Farmer and blogger Jenna Woginrich details her funny, heartwarming, and uncomfortable learnin experiences in her new memoir, One-Woman Farm. Here, Storey art director Carolyn Eckert gives us an insider’s glimpse at the detailed process of designing this unique book, from visiting the farm to holding the finished product in hand.
We visual types get excited when we’re assigned new books. Each book is a unique design puzzle, and the words lead us down the path toward finding the right art. Jenna Woginrich wrote One-Woman Farm as a year-long farm journal spanning the four seasons, and the editors felt that the design of the book should reflect that journal-like quality.
The illustrator who worked on this book, Emma Dibben, lives in England (I found her by Googling “beautiful line drawings.”). Her style is warm and friendly, and I felt it was right for creating the look of sketches you’d expect to find in the pages of a journal.
In order to give Emma some real-life references (and to give me some visuals), and to evoke a strong visceral sense of Jenna’s life for the reader, it felt important to see her farm ourselves. So editor Deb Burns and I went for a visit to Cold Antler Farm on a cold, gray, winter day and I brought my camera along. Jenna’s farm is warm and welcoming. I took pictures, and we got a great look at Jenna’s fun aesthetic (and ate very delicious soup).
A book’s design also reflects my own interests at the moment. While working on One-Woman Farm, I had been looking at a lot of very layered Australian design, and I always have one of my favorite journal-like books, Griffin and Sabine, in the back of my mind. When Deb Burns showed me her book of old sheet music, the design for One-Woman Farm clicked into place.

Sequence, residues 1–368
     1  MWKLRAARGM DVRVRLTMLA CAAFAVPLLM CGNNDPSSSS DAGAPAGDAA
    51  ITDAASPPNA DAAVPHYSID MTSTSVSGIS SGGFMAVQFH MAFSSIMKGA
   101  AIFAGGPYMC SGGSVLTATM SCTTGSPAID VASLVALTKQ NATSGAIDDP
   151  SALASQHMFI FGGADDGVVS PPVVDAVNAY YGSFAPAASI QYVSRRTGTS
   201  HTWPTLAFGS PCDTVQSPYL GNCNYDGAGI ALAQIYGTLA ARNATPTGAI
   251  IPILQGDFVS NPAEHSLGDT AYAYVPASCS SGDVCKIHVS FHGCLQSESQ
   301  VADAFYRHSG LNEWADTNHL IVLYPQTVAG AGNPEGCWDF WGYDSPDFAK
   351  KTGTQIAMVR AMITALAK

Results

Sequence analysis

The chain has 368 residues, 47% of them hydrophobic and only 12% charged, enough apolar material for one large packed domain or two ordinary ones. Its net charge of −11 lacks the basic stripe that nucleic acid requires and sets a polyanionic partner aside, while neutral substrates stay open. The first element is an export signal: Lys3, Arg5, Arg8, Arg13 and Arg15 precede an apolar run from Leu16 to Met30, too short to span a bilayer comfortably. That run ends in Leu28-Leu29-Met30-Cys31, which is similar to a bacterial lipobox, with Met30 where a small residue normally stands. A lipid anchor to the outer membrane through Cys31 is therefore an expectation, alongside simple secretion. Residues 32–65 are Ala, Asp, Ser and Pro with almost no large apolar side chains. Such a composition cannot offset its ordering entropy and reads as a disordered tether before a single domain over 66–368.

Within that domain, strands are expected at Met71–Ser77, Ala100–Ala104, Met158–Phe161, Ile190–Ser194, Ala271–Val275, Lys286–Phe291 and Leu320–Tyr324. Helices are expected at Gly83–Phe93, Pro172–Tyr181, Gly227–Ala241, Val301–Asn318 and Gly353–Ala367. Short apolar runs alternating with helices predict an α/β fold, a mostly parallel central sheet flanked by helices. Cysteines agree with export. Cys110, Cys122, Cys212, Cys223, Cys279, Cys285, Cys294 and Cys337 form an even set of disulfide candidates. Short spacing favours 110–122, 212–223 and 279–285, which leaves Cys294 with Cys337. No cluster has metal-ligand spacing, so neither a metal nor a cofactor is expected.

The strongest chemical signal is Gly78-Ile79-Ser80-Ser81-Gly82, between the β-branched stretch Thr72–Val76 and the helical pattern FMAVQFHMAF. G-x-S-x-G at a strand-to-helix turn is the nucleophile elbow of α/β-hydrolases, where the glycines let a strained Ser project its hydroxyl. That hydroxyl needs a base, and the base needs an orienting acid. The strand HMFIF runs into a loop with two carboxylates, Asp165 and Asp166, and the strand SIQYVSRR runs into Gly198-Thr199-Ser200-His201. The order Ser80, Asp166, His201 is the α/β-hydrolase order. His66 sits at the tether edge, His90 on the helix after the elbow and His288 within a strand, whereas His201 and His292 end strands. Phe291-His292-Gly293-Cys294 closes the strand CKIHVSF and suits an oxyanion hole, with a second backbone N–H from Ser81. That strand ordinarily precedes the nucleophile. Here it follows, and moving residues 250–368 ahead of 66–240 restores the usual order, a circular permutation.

I wanted this book to feel really full, as full as if it were Jenna’s real journal, with art and doodles. I started scanning pages from Deb’s book of sheet music (so old, it’s copyright-free), including the endpapers. That led me to other old papers and notebooks, which was good but felt too flat. After experimenting with scanning paperclips, pencils, and coffee (don’t tell our I.T. guy!), another art director, Jessica, suggested rocks (too fat), sea glass (not geographically appropriate), and feathers…yes! Feathers worked because Jenna loves crows, and is a writer, for whom a quill is pretty great.
The book was beginning to come together. We had Jenna’s wonderful words, we had lovely sketches from Emma, I had tons of scans. But Alethea, our creative director, pointed out that the pages were a little too black-and-white.
The book was set to have a two-color (as opposed to full-color) interior. I wanted a lot of variation so readers could flip to any page and be drawn in. So the next phase of design involved bringing in as many different color tones as we could.
When I first learned I was designing One-Woman Farm, I was thrilled because I knew I could have fun with it. In the end, I feel as though I captured the warm aesthetic of the farm, and the art supports and adds another layer of interest to Jenna’s words. The book feels good in the hand. I hope you think so, too.
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